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Front bumper cover removal, radiators clean-up and radiator replacemen

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Front bumper cover removal, radiators clean-up and radiator replacement...

The front bumper cover removal is really easy and give you access for a good cleanup of your radiators. I had to remove the left radiator and the fan at the same time. So here is the process….Hope this will help anyone... Toll needed: Philips screwdriver #2 Torx screwdriver 030 Tork screwdriver 025 Socket 13 and 16mm To do a good clean-up of the front radiator… (Pop rivet gun + six 1/8 diameter pop rivets 3/8 inch long) +++ Cover removal: Take out both side markers. (thin screwdriver p


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  • 1 year later...
  • Admin

I do have a (possibly stupid) question.


What is the US protocol on this? in Europe it used to be 'perform at every major maintenance'.


I think it is considered Annual Maintenance both on US/Canada cars as well as RoW.

The US Annual Maintenance says: "Radiators and air inlets at front: visual inspection for external contamination and blockage => Checking cooling system"

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Visual inspection, sure.


But taking everything apart per the DIY seems quite different.


I seem to recall (but this may be me misremembering) that the radiators were actually taken slightly off their supports to be able to blow them with compressed air from the back.


But it's been 8 years and I don't recall.


OTOH, it's been seven with my current TT and they certainly have never been touched... I think it may be time.

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Basically - the goal of the maintenance documents is to preset the tech with "what to check". Upon seeing something wrong they are to do what is necessary to correct it.

So if the radiators look dirty (upon inspection) then you take the next steps of removing the bumper and thoroughly cleaning the radiators and condensers. At least that is what any good shop (or owner)  I know would do.

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In three years I have had the front apron off twice.  The first time was soon after I bought the car when there was an unbelievable amount of junk caught between the rads and the condensers. The second time was to repair an air con leak.  On this occasion there was very little muck to clean out and it could have been cleaned with a vacuum cleaner from the front.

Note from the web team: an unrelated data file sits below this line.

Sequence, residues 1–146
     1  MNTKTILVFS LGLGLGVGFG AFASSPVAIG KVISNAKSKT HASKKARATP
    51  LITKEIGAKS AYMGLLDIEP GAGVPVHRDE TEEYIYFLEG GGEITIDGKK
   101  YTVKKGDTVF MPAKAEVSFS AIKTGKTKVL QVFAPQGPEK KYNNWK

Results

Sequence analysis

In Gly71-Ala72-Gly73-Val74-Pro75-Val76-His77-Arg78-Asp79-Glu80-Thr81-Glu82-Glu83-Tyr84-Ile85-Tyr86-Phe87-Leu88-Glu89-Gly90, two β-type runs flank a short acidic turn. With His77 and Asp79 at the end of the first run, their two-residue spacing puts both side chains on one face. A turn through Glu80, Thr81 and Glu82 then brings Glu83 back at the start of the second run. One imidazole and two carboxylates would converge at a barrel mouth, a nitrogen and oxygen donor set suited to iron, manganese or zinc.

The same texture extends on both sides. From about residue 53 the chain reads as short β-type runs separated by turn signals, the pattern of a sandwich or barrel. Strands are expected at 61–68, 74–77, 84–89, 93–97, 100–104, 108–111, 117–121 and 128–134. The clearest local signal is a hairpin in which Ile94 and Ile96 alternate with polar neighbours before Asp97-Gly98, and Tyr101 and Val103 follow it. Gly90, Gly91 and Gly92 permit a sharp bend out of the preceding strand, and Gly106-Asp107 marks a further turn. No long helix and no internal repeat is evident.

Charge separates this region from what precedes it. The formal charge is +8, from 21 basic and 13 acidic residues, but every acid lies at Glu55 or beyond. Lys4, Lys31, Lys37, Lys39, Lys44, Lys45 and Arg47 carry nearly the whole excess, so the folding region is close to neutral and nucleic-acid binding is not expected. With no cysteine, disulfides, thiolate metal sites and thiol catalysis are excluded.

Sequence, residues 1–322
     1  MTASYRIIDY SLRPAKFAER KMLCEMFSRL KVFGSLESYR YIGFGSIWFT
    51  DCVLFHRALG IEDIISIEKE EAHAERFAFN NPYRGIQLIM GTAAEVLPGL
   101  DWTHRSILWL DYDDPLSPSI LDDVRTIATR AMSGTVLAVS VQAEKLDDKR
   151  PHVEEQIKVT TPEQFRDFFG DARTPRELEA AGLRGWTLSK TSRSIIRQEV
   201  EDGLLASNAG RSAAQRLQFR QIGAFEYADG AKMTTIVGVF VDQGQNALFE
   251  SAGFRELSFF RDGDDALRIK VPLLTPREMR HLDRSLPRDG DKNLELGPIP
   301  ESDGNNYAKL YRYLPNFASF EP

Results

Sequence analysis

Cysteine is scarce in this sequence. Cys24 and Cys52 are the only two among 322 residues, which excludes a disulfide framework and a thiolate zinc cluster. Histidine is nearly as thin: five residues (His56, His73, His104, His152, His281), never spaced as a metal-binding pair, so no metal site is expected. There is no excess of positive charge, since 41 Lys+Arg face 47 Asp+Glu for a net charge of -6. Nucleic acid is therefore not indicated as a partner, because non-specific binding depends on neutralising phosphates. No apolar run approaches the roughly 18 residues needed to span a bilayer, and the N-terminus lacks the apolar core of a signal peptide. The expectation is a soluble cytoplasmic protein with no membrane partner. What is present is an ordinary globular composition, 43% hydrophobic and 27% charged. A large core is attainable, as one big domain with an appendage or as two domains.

If you have not had the car very long its probably worth taking the apron off just to make sure the space between the rads and the condensers is clear.


When I wash the car I inspect the intake area with a torch, especially the far corners where leaves accumulate. If needed I clean them out. Sometimes I have to use a long screwdriver to loosen things up.  If you have to do this, take care not to damage the rad fins and cause a leak. 

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This car I've had now just over 7 years. It's also true, however, that in these 7 years it's been driven some 17,500 miles.


To the best of my knowledge, however, the front bumper has never been touched since when it came off the assembly line, so it may be time.

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It's an easy job and there's plenty of guidance about.  When you take it off it helps to have two people and have a rug ready on which to out it down.  It also helps to have two when putting it back. It's not that it's heavy but it is a bit clumsy as it flexes.

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Many of the fixing are screws.  Some have posi-drive heads and others torq recesses.  The only poppers are the ones that fix the wheel arches shrouds. For these use a wide wedge to move the central expansion pin and then remove the outer plastic rivet.  The side flashers need to come out, but they just pop out to give access to a screw. Also take out the headlight pods.


If you do break the plastic rivets they are easy to replace. You will be surprised by what an easy job it is.  Just take your time and set the screws aside so you remember where they came from.

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There are only a handful of screws and a rivets.  If this project is beyond your talents, you are in for very expensive Porsche maintenance and repair bills. On a scale of 1-10 with 10 being most difficult, this is a 3. 


Get in there and get your hands dirty!

Edited by kbrandsma
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I think I should try to explain better: in the howto referenced in this thread, it is stated that the central radiator duct is held on by rivets.


Not the plastic ones that have a pin in the middle that you pry out, the metal ones that need drilling to get out.


I have some small experience with rivets - and with taking cars apart, gearboxes and differentials included, though this certainly doesn't make me an expert - and will stand by what I said: yes, you can drill them out. Yes, you can put them back in. No, you cannot do that ten times in the same hole. And given the position, you get to decide what rivets you should be using and whether Tefgel/Duralac is a good idea (generally, yes, unless you live in the south far from the sea).


Given the fact that it looks like you'd have to buy the entire centre radiator assembly if the metal decides to be grumpy, I would rather not do it every year.


Or possibly, if I had to do it every year, figure out if there's an alternate way of fastening the parts.

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